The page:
By Pádraig Hoare
Business groups have largely welcomed the Government’s €300m Brexit loan fund but have cautioned the available funds may dry up quickly.
The scheme, which was announced in the budget, is open to businesses with up to 499 employees with loans ranging from €25,000 to €1.5m at a rate of 4% or less.
Loans of up to €500,000 will be unsecured and the term will be up to three years.
Firms will apply to the Strategic Banking Corporation of Ireland, which will assess their loan application and gauge whether they are eligible. The corporation will deliver the funds through commercial banks.
Small Firms Association (SFA) director Sven Spollen-Behrens said the fund was welcome but would have to be monitored carefully.
“Close monitoring will be required to ensure the scheme’s impact on small businesses is maximised. With loans of up to €1.5m available and companies with up to 499 employees eligible to apply, the €300m could dry up very quickly,” he said. He said an expansion of the scheme would be needed if the funds ran out.
“Obviously we are hoping to have a large number of smaller businesses looking for small loan amounts rather than larger companies looking for the max amount. We’ll have to see what the take-up is now and if funds dry up quickly, we need to talk to the Government again and look for an expansion of the scheme.”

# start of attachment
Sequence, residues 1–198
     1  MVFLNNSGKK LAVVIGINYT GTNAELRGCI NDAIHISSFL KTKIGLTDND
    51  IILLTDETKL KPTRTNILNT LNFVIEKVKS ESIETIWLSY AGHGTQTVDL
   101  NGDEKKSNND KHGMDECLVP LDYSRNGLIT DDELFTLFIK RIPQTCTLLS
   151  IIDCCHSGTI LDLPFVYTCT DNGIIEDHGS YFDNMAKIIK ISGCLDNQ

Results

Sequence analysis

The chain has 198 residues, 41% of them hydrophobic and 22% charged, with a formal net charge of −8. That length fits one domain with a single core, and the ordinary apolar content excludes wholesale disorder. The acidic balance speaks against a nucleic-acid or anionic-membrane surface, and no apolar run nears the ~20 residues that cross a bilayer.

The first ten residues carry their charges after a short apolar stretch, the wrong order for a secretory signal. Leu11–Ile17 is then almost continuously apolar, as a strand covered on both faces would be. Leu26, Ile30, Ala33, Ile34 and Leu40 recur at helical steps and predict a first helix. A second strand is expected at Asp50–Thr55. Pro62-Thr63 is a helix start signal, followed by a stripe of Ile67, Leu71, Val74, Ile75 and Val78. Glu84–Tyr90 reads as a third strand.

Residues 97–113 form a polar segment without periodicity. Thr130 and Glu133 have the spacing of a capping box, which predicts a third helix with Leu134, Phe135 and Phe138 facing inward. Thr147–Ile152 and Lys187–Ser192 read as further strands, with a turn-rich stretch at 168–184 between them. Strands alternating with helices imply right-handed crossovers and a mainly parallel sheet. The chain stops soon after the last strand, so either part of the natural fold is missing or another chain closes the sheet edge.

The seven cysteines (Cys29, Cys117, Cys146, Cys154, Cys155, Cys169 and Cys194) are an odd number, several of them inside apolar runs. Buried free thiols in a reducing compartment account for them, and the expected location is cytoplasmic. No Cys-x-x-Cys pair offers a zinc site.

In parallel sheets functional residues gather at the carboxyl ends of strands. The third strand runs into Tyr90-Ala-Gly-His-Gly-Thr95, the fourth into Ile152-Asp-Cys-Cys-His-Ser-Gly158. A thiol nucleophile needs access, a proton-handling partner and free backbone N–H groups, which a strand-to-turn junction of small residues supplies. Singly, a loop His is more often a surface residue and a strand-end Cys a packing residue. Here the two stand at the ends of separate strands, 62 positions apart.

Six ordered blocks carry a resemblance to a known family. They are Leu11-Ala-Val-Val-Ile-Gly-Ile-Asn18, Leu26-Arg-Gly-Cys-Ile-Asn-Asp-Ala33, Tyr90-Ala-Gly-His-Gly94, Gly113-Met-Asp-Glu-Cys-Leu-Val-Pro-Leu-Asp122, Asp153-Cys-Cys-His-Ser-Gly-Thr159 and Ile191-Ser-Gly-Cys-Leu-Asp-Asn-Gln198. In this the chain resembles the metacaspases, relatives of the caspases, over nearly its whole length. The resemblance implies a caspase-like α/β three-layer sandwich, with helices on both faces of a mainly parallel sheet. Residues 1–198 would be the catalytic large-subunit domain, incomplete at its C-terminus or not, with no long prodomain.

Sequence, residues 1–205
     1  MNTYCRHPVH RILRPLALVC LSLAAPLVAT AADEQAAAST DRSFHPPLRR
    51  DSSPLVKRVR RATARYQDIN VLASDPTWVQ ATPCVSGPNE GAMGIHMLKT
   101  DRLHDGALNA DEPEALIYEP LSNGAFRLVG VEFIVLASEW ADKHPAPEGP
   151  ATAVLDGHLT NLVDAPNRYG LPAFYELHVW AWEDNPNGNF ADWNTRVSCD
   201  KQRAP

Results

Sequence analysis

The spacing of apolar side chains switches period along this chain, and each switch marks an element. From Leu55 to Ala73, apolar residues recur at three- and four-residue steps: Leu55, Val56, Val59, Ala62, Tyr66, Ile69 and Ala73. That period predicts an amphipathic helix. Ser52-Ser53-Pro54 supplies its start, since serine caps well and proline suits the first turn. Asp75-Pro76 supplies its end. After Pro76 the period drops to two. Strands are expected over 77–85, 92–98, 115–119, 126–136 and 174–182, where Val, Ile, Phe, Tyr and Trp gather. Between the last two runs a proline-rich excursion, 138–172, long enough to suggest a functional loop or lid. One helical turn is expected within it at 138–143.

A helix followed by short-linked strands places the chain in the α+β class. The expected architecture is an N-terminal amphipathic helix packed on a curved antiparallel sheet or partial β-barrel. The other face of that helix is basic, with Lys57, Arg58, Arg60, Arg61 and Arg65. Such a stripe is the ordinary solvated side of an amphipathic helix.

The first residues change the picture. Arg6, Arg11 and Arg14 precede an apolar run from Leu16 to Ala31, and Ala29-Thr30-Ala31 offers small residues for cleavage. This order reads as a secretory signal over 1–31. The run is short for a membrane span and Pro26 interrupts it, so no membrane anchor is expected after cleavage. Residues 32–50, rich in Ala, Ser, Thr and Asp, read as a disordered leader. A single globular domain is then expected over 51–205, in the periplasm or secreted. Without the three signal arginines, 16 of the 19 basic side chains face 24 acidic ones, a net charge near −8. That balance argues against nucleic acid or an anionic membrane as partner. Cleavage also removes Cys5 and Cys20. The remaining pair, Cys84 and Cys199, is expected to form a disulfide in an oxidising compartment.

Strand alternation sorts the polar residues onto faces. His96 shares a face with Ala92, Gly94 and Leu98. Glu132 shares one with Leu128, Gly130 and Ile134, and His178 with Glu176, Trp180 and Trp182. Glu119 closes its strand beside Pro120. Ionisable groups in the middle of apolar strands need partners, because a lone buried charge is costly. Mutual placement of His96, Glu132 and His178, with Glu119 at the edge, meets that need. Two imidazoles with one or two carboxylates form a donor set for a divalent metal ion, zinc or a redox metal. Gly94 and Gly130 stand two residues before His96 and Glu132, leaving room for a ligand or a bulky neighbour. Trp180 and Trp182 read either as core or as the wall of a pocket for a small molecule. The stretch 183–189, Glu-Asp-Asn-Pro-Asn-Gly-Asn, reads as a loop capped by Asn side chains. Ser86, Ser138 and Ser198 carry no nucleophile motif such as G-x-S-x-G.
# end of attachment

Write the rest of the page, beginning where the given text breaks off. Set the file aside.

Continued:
Mr Spollen-Behrens said he was not concerned that abuse of the loan scheme would take place.
“There will be a pre-screening by the Strategic Banking Corporation of Ireland, and you can only qualify if you can demonstrate that you are affected by Brexit and use the loan for working capital to expand your business,” he said.
Isme chief executive Neil McDonnell echoed the SFA’s welcome, saying unsecured loans of up to €500,000 and interest rates of up to 4% made the scheme attractive for businesses.
“A 4% is better than the rate a lot of our members are paying. It is not uncommon for some to pay 10% at the riskier end. The €500,000 unsecured loan is probably the most welcome element,” he said.
A Department of Finance report has found Ireland is a “substantial outlier” in the EU for import exposure to the UK in almost every sector. Food and live animals account for the largest share of UK imports, it said.